Literals in Java

 

Literals are numbers, characters, and string representations in your program. Literals can be classified as numeric literals, character literals and string literals.

 

Numeric literals

Numeric literals consist of digits with an optional sign and an optional decimal point. Numeric literals that contain a decimal point are by default double. Those prefixed with a 0x indicate the number is a hexadecimal number (base 16). Those that begin with a 0 are octal numbers (base 8). But usually they are base 10.

Integer literals are of type int by default. A suffix of f or F can be used to declare a floating point literal as of type float. Floating point literals are numbers that contain a decimal point or those that are written using scientific notation. E.g. 7.77 is double, 7e5 is double and 0.077F is float. A literal can be specified as type long by appending an L to the end of the literal. Either a lowercase or uppercase L can be used to designate an integer as type long. However, it is better to use an uppercase L to avoid confusing the letter with the numeric digit "1" (one).

Java 7 added the ability to uses underscore characters (_) in numeric literals. The use of the underscore is to make the code more readable to the developer but it is ignored by the compiler.

long ssn = 111_22_3333L;

System.out.println(ssn);

The output will be:

111223333

Consecutive underscores are treated as one and also ignored by the compiler. Also, underscores cannot be placed:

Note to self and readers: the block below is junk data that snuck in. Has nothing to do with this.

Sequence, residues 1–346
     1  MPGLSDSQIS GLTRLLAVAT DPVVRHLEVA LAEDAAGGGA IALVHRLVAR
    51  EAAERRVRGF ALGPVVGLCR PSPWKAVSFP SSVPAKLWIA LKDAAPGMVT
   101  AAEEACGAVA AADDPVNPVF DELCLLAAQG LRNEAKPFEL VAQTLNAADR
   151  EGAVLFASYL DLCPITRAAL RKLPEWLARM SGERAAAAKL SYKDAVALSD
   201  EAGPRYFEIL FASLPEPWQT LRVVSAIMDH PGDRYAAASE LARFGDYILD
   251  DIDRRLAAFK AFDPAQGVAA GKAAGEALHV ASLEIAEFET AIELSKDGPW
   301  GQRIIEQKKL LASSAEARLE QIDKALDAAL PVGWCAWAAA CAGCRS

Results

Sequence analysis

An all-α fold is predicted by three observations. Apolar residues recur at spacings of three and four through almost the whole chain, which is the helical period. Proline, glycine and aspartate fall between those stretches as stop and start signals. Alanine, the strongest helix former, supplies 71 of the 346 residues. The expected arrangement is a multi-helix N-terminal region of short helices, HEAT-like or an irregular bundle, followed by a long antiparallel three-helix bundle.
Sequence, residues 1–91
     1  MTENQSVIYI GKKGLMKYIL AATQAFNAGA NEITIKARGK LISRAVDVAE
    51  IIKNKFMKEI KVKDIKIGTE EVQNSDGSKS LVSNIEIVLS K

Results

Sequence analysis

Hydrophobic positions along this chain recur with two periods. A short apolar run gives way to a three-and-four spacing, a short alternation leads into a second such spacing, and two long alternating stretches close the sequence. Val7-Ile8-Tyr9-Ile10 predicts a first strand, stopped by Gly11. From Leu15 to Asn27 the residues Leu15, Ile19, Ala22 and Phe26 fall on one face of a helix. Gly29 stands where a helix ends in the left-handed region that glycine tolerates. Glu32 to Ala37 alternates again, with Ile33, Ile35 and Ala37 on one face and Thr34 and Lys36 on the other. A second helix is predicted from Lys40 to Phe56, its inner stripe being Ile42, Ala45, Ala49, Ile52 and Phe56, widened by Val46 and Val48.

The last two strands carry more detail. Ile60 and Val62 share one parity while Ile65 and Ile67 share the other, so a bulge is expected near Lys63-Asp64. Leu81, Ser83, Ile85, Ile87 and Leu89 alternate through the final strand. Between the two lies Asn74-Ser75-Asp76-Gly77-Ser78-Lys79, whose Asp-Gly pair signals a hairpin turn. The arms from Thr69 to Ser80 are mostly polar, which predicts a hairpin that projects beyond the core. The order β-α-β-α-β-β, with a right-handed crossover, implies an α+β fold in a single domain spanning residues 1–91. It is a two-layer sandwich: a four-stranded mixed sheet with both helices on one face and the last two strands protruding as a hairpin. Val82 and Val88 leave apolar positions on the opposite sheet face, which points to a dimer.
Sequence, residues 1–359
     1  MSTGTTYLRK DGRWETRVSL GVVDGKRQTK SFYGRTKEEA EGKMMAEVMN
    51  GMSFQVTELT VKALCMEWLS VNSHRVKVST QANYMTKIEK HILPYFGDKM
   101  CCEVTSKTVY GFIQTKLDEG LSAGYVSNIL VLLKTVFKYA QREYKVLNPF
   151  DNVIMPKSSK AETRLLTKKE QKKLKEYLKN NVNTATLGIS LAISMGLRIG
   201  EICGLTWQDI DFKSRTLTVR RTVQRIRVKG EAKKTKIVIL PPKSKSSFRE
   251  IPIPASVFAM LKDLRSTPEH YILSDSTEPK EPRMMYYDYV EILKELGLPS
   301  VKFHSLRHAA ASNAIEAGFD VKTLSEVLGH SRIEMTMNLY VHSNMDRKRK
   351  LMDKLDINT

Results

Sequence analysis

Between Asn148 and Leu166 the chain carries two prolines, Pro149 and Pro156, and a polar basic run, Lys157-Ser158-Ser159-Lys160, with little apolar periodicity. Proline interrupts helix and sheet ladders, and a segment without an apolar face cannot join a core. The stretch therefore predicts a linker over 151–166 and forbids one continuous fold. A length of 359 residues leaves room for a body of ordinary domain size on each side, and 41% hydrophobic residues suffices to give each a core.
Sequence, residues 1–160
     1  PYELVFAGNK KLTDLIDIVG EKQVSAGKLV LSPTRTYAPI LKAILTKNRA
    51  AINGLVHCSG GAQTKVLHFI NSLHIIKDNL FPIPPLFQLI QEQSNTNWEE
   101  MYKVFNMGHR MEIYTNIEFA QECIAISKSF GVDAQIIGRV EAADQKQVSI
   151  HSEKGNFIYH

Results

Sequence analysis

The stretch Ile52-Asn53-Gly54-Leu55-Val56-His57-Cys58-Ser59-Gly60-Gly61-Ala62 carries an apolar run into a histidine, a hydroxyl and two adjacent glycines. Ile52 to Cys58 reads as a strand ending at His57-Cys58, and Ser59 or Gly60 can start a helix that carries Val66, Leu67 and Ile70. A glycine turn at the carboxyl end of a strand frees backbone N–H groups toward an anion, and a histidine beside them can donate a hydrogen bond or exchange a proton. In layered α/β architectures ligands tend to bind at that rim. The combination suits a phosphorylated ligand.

• At the beginning or end of a number
  • Adjacent to a decimal point
  • Prior to the D, F, or L suffix

 

Character literals

Character literals are single characters enclosed in single quotes.

char letter = 'a';

letter = 'F';

Escape characters (also called escape sequences or escape codes) in general are used to signal an alternative interpretation of a series of characters. In Java, a character preceded by a backslash (\) is an escape sequence and has special meaning to the java compiler. For example, '\n' represents the carriage return line feed character. These special escape sequences represent certain special values. You can use escape sequences in character literals as well as in string literals. Read more about escape sequences at http://www.javajee.com/escape-sequences-in-java-with-examples.

 

String literals

String literals are a sequence of characters that are enclosed in a set of double quotes. String literals cannot be split across two lines.

String message = "Hello\tWorld\n";

 

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